Each year, more than 10 million Americans seek medical attention, often in emergency situations, for symptoms of intestinal blockages. Researchers at the University California, San Diego School of Medicine have identified an abnormal form of small bowel twisting (or volvulus) that may cause these painful obstructions. In contrast to other causes of bowel obstruction that are treated with bowel rest, these require immediate surgical care.
Jason Sicklick, MD, surgical oncologist, UC San Diego Health System.
Results of the study were published in the May online edition of
The American Journal of Surgery.
“As the first population-based epidemiological study of small bowel volvulus in adults, our findings provide a robust representation of this infrequent cause of obstruction in American adults,” said Jason Sicklick, MD, assistant professor of surgery and surgical oncologist at UC San Diego Health System. “While relatively uncommon compared to other causes of bowel obstructions, surgeons should be aware of the potential for small bowel volvulus with or without intestinal malrotation in the adult population.”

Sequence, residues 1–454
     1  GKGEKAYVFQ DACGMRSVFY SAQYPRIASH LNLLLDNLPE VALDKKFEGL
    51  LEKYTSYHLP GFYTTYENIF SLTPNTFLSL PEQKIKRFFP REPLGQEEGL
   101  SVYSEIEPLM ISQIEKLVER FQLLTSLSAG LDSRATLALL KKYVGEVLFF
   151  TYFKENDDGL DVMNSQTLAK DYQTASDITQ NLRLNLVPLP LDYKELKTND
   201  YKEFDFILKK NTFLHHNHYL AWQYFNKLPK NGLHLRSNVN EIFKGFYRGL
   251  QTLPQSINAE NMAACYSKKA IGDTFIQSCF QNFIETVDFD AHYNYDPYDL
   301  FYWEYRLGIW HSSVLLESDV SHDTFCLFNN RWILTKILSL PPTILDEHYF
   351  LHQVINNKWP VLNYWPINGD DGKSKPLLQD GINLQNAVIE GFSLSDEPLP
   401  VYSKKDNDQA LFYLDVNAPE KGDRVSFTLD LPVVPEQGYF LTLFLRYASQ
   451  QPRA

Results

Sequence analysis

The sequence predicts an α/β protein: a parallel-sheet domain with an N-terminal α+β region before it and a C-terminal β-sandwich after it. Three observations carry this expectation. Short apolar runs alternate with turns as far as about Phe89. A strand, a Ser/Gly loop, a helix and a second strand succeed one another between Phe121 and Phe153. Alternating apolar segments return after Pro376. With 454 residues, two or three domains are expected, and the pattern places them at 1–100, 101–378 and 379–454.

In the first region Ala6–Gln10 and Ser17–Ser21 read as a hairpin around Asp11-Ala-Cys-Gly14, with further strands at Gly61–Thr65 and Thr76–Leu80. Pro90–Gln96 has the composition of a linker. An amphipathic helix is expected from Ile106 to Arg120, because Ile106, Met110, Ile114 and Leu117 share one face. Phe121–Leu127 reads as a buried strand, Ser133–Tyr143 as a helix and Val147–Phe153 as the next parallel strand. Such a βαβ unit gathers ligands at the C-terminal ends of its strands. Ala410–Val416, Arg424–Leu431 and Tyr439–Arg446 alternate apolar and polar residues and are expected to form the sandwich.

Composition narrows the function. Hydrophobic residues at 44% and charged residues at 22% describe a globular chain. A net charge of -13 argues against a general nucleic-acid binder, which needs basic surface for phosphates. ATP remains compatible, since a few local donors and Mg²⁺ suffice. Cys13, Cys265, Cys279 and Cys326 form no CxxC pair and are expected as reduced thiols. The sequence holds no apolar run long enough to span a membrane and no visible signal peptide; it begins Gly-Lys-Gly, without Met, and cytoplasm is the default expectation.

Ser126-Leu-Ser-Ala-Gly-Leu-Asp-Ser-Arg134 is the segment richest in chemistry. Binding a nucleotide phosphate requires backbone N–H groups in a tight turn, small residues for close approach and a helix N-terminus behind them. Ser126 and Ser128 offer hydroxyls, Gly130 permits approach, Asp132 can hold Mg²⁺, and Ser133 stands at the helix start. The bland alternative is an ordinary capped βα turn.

Intestinal obstructions are often caused by post-surgical adhesions, tumors or hernias. However, in 1 percent of cases, patients may develop intestinal obstruction secondary to a small bowel volvulus (SBV). This condition involves the twisting of a loop of small bowel where vital arteries and veins reside. Initially, physicians may not consider SBV as a potential diagnosis as it is typically observed in newborns.
By being alert to the possibility of SBVs, said lead author Taylor Coe, doctors won’t necessarily have to wait for tell-tale signs of peritonitis, intestinal ischemia or failure of non-operative management, thus improving patient outcomes.
Sicklick and his team performed a retrospective analysis of the United States Nationwide Inpatient Sample spanning from 1998 -2010. More than 65 percent of the time, an operation was the prescribed treatment. Non-surgical approaches to management of SBV were associated with higher mortality.
David Chang, PhD, former director of outcomes research at UC San Diego also contributed to the study.